Minister of Gender, Disability and Social Welfare Patricia Kaliati says government will evacuate children from the streets by August 31 to protect them from Covid-19.
She said this at World Vision Malawi (WVM) offices in Lilongwe on Wednesday during a press briefing on risks of school closure and re-opening under Covid-19.
The minister said Blantyre, Lilongwe, Mzuzu and Zomba cities have many street children and the ministry wants them to live in safer habitats.
Said Kaliati: “Ministry officials will from August 20 conduct routine checks to see where the street children are operating in the main streets across the country. The children need to be reintegrated into their communities and families so as to protect them from Covid-19 infection.”
She said government will use cash transfers to help reintegrate the children into families and communities.
“We will use e-payment to provide affected families with support for the children. We will be working with block leaders, parents, guardians and chiefs to ensure proper implementation,” Kaliati added.
On his part, United Nations Office of Drug and Crimes programme officer Maxwell Matewere commended government for the plan.
He said: “There is need to work systematically because, with the closure of schools due to Covid-19, the number of street children has increased.”
Matewere also said the initiative should be linked to the National Response on Covid-19 and further include the provision of supplementary food at community level as was the case with the school-feeding programme to retain more children in the communities.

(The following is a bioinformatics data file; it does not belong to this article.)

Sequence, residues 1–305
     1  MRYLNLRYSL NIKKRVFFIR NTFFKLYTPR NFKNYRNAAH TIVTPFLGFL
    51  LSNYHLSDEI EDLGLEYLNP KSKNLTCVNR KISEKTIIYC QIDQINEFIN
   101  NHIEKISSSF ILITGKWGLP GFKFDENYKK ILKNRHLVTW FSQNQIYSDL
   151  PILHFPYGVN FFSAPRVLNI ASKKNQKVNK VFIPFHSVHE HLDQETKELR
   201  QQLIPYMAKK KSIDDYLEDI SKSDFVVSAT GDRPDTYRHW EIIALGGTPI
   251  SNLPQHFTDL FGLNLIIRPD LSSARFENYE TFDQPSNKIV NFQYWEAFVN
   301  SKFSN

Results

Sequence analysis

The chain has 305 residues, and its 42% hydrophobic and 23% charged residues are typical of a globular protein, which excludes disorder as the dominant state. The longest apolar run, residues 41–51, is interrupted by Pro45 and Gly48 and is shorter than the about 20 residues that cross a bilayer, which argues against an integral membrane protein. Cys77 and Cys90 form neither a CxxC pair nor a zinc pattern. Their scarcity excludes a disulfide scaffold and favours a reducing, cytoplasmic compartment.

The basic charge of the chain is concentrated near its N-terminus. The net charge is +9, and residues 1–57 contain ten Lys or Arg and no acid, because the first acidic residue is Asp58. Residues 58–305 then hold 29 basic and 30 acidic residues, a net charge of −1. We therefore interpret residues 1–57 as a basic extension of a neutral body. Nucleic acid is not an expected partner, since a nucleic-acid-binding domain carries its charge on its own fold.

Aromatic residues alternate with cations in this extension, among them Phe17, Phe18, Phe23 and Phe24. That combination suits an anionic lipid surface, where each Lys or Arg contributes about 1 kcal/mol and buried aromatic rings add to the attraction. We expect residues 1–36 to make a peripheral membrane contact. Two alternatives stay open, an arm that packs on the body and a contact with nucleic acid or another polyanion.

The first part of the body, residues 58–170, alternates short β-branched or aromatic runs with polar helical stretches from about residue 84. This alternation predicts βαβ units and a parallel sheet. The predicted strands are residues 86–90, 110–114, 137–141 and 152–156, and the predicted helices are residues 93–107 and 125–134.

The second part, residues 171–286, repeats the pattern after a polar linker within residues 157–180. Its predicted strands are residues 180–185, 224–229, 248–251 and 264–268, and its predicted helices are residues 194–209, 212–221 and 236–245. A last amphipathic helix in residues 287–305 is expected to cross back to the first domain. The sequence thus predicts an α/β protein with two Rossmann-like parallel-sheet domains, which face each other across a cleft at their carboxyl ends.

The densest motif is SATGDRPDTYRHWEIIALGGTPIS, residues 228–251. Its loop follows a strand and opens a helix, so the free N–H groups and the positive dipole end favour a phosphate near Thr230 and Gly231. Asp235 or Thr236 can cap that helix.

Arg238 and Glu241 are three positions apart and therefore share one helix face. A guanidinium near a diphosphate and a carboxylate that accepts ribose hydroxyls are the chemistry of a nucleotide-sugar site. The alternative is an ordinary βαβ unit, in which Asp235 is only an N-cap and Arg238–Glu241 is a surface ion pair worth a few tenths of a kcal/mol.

This is not the first time the minister has implemented this operation.
In 2015, when Kaliati headed the same ministry, she embarked on an initiative to rid streets of beggars and street children but the move was short-lived as the children later returned to the streets.
The operation at the time was implemented through district social welfare offices which identified homes for the children, such as Chisomo Children’s Home and Step Kids Awareness.
According to a 2017 report on street children, the population of the children in Blantyre at the time was 1 800, Lilongwe had 1 200 while Mzuzu had 600.
The social welfare office identified three types of street kids; those who run away from their homes due to various challenges, those who come to town every morning to beg and return home in the evening (normally sent by their parents), and those that were born and raised there.